So, how far as Tim Lyddon traveled?
Tim Lyddon's travels started in earnest when his family moved to California and he started listening to the likes of Oscar Peterson, Art Tatum and Bud Powell. After playing in Las Vegas for two years, Lyddon returned to L.A., where he worked with local musicians, as well as with the studios. Piano scholarship being a constant in his life, Lyddon moved to New York to study at the Manhattan School Of Music, and that's where he has stayed to perform in various configurations involving numerous bassists and drummers.
Musically, though, Lyddon was traveled to maturity--which means that he has developed a precise and concise style that services the tunes he delivers. While he mentions Bill Evans and Keith Jarrett as primary influences, it seems that two-handed, laconic pianists like Hank Jones or Tommy Flanagan infuse Lyddon's interpretations. Rather than spreading out into elaboration on a single motive for a good part of an hour, or even more, Lyddon knows where he wants his song to travel before he even starts the journey.
For example, his composition, "Beautiful Feeling," starts in classic ballad form, the lyrical playing of the melody supported lightly by Latzky's brushwork and Hubbard's prodding bass lines. But soon Lyddon allows Hubbard to emerge, ever so slightly, into the foreground, his actual outlining of the tune assuming a fuller portrait with bass filling-in. With a piano solo consisting predominantly of tripleted phrasing, akin to something Flanagan would play, Lyddon eventually resolves the tune with a dramatic solo denouement, capping off a gem of a piece.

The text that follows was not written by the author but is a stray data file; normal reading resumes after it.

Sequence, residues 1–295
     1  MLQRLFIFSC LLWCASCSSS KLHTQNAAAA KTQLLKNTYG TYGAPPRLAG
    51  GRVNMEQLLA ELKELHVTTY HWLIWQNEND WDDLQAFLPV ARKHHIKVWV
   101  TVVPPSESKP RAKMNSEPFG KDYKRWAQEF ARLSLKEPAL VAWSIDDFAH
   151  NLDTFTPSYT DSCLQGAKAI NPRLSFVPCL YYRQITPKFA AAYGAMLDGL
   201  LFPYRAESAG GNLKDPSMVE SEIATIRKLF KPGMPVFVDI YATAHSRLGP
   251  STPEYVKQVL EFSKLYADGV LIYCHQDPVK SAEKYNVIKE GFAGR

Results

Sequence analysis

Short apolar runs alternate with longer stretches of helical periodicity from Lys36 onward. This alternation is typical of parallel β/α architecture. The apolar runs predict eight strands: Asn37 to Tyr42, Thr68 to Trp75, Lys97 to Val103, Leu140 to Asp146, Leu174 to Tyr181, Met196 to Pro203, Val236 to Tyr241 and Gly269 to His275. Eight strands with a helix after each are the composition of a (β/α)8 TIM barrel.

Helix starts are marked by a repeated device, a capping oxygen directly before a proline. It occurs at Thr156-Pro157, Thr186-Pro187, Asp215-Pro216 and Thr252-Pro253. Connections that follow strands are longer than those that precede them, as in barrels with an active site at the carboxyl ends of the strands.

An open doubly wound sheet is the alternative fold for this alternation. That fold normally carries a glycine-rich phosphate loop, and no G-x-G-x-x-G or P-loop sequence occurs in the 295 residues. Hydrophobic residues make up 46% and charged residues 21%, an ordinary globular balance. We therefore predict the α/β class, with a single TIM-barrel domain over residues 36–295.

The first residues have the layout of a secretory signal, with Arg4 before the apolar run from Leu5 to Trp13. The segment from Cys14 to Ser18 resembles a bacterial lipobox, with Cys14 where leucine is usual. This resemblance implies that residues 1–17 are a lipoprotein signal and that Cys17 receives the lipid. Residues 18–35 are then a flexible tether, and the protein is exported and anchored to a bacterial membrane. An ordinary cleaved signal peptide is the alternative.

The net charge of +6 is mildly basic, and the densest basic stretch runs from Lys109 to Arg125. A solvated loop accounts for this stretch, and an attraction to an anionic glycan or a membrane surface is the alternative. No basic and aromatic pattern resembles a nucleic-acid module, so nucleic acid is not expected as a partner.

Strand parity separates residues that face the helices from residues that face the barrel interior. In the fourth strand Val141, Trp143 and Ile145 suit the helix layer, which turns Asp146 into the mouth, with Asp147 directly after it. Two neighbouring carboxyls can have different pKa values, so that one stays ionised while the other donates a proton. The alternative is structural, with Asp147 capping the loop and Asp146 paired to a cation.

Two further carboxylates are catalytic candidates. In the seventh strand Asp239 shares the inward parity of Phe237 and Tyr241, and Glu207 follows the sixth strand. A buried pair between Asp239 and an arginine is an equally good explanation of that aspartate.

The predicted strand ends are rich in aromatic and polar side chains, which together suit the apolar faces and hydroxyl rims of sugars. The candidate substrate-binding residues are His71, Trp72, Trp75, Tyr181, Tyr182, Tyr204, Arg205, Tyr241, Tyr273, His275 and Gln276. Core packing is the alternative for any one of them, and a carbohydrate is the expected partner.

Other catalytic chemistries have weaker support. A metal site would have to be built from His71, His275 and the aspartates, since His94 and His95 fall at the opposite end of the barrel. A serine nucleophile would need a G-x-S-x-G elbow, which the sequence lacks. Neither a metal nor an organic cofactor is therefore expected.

Similarly, Lyddon intends for Hubbard to contribute to the development of the jaunty "Just Passin' By" as well, the basswork being a highlight of the track. "I've Traveled So Far," appropriately, is an animated tune formed over Lyddon's anticipating-the-beat propulsion as Latzky's eighth-note locomotion adds force and direction to the piece.
Finally, Lyddon's unaccompanied work on "I Thought About You" seems a tribute to one of his teachers, Jaki Byard, as it refers not only to a number of approaches and tempos, but also to a kaleidoscopic mixture of styles, including stride and free improvisation.
Never ostentatious, Lyddon has emerged on the scene as a pianist fully developed who hadn't received his fair share of recognition. I've Traveled So Far
may help to change that.